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Father's Day is a good time—but not the only time—to help the men you care about stay healthy.
Being a man is hazardous to a guy's health. Consider the proof: Men are more likely than women to be overweight or obese; more likely to have diabetes or heart disease; and more likely to smoke, binge drink, or engage in other unhealthful behaviors. They're also less likely to visit a doctor and less likely to eat at least five servings of fruits and vegetables daily. Men live an average of 75.1 years in America, according to the latest data. Women, by comparison, enjoy a life expectancy of 80.2 years. With all that going against them, men need any help they can get to stay healthy. That makes Father's Day a good time to nudge the men you care about to take better care of themselves.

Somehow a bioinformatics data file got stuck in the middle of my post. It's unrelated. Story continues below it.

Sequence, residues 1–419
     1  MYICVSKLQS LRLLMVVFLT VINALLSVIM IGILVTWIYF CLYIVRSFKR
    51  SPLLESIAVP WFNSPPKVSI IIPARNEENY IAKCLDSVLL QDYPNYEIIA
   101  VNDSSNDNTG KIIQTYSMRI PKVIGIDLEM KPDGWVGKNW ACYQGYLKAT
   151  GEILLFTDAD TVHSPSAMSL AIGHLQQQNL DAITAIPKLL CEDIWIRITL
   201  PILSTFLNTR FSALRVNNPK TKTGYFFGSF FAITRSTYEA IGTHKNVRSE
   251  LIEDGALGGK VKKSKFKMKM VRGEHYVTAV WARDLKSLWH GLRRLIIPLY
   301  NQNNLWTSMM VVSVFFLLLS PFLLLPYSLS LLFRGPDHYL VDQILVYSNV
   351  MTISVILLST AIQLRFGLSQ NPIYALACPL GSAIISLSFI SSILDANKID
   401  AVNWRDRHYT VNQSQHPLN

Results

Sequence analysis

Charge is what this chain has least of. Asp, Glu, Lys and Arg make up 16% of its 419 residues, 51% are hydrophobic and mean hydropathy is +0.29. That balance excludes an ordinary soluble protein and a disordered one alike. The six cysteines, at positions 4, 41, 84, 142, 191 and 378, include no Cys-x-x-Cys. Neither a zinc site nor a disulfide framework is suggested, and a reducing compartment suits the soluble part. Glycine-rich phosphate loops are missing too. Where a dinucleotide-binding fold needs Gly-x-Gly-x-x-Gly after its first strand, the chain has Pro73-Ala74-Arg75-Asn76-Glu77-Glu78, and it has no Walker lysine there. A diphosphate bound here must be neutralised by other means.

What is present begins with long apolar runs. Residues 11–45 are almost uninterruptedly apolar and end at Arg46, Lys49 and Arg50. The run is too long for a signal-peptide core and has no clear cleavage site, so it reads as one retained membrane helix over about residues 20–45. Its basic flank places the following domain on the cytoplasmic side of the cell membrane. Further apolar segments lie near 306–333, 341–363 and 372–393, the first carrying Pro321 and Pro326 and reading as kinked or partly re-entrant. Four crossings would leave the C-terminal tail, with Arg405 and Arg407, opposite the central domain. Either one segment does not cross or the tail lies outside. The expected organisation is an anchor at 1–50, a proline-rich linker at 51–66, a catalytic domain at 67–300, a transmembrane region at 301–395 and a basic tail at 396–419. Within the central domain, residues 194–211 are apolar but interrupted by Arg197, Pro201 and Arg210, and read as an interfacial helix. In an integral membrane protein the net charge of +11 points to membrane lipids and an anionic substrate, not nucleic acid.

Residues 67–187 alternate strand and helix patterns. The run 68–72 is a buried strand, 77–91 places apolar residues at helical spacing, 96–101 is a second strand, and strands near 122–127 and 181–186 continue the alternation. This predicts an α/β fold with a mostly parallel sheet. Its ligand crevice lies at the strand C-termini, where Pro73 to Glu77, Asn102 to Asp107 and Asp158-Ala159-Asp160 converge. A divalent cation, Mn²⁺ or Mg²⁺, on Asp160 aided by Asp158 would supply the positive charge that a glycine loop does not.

"Men die younger than women do, and most of the things that kill us are preventable," says Salvatore Giorgianni, science adviser for Men's Health Network, a nonprofit organization that advocates for preventive health strategies and education for men. "In almost every category of disease, men die at a higher rate than women."
Why is this the case? No one is totally sure, experts say, but there are some theories. "Men don't seek medical attention as much as women," says M. Hassan Murad, an internist who specializes in preventive medicine at the Mayo Clinic in Rochester, Minn. "Women tend to see the doctor two or three times more than men."